Confessions of an Olympic Games Commentator

Jul 26, 2012 by     2 Comments    Posted under: cycling, Olympics, triathlon

I’m very fortunate in life generally, but perhaps the greatest 2 weeks of my life was at the 2000 Olympic Games in Sydney.  I’d love to be in London right now, largely because I still have friends competing, but I’m really not sure if I’d enjoy being an ordinary ticket holder, after the virtually “go anywhere” experience with press access I had in Sydney.

How did I obtain the holy grail of sports fandom?  Well, it involved many years of groundwork, some deliberate and some random career moves, but it largely was because of triathlon.   I was recently interviewed by a University Professor doing a study on the history of triathlon, and it reminded me of just how big a part triathlon has played in my life, and the experiences that it led to.  As a significant part of my life journey I’d been digging into my memories (those that are not hazy due to excessive “recovery” parties, or blank due to race-induced oxygen deprivation).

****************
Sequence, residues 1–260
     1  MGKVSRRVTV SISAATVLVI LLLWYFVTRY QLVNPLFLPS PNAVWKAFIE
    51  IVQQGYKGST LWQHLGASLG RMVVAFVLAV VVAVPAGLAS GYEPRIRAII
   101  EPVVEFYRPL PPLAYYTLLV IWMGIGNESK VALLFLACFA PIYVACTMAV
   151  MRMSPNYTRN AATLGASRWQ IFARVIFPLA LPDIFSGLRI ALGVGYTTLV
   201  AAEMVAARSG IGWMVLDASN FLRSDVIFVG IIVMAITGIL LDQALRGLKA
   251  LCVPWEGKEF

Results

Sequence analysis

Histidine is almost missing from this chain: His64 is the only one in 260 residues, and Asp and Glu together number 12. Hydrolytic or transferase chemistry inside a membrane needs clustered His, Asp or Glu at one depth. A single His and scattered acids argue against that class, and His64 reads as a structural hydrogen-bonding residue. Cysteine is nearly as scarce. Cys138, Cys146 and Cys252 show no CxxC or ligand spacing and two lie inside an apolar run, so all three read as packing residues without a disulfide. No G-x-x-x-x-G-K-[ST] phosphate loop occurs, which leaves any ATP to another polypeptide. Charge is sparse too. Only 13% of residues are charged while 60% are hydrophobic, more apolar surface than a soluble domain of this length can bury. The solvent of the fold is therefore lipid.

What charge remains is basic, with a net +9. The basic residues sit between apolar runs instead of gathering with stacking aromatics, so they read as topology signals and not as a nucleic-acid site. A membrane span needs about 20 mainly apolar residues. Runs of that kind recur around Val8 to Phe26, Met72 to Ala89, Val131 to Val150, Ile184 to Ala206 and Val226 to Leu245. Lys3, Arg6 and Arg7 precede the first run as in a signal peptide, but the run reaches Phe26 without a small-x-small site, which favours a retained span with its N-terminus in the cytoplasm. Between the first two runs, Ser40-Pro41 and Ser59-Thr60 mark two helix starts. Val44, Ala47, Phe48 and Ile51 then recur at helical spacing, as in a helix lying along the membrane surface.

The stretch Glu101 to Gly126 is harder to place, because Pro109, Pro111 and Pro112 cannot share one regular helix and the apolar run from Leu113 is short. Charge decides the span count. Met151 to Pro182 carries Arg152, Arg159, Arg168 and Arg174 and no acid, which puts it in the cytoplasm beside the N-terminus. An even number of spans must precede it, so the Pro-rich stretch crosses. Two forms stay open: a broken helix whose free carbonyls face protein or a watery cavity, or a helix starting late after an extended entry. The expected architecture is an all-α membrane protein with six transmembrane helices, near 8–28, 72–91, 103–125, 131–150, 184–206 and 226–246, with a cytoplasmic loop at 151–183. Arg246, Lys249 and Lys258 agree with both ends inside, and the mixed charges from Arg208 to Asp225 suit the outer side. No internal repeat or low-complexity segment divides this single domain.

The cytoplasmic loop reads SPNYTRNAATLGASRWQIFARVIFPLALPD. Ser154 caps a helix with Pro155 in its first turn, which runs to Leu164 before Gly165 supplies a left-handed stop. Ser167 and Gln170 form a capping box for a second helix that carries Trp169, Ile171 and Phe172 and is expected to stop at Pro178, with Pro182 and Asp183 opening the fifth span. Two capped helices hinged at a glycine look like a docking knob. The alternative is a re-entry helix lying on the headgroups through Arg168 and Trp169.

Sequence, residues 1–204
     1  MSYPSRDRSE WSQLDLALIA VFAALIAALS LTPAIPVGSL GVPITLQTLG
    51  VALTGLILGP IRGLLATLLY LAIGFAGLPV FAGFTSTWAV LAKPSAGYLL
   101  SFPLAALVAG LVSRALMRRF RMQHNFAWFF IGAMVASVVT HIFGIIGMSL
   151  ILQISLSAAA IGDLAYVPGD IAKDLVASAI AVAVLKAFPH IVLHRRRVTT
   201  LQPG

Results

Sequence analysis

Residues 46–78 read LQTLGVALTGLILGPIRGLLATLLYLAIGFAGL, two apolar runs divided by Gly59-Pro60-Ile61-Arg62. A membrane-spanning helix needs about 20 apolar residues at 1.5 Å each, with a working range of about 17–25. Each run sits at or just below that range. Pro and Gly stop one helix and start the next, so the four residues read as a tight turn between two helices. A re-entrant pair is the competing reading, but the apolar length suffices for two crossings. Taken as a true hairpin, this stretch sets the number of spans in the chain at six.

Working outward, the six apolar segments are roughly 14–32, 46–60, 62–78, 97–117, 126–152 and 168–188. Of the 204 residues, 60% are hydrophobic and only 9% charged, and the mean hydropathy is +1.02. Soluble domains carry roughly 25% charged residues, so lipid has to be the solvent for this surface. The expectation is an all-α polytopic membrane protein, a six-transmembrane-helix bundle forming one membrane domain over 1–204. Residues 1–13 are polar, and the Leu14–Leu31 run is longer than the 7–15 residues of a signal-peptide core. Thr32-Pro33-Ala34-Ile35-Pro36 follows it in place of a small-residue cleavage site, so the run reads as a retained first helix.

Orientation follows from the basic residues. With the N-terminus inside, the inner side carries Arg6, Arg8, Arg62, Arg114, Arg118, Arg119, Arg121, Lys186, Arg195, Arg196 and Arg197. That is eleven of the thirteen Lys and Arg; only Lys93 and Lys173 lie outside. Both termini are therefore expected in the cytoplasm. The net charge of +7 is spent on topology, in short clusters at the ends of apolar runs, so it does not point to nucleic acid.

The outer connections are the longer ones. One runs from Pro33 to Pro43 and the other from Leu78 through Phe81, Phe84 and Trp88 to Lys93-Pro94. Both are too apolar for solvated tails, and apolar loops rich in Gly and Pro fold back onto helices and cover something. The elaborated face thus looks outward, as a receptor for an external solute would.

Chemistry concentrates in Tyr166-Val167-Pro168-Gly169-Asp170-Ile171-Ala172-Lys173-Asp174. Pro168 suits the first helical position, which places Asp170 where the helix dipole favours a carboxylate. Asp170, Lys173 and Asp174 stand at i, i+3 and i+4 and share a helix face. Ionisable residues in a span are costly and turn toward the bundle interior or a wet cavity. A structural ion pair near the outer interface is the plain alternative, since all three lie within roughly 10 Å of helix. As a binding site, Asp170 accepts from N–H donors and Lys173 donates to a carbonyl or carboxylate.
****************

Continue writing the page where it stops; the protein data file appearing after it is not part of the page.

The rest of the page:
My “connections” to the Olympics are too many to explain in detail, but to name a few: advisor to Olympic athletes; lawyer for Olympic athlete sponsors; member of NSW Olympic Council (educational arm of the movement); was on the World Governing Body for triathlon (head of Constitutional Council) during the period of acceptance into the Olympics, dated an Olympic swimmer; had my butt kicked by many future Olympians; and was an announcer for a number of Olympic test events and 4 main events at the Sydney 2000 Games.  Making the experience more significant was that 2000 was the first time ever that triathlon had been in the Olympic Games, AND the women’s triathlon was THE opening event of the Games.  On a perfect, blue-skied, crisp morning on September 17 2000 the Olympics opened up with scantily clad, fit and determined women leaping into Sydney Harbor right beside the Sydney Opera House and in the shadow of the Harbour Bridge, and, strangely thinking about it now, with the sound of my voice.  Of course I wasn’t the only voice – I was working alongside living Australian triathlon legend Marc Dragan, the English “Phil Liggett” of triathlon Steve Trew, and Olympic pentathlete turned triathlete Nici Andronicus.  Nici and I stood on the blue carpet in the forecourt of the Opera House, the playing field for one of the most significant moments in triathlon history, microphones in hand, and talked to the crowd of around 100,000 (an estimated 400,000 line the course for the men’s event the next day).  At the time it was incredibly exciting, and looking back I realize what a privilege it was to have that role.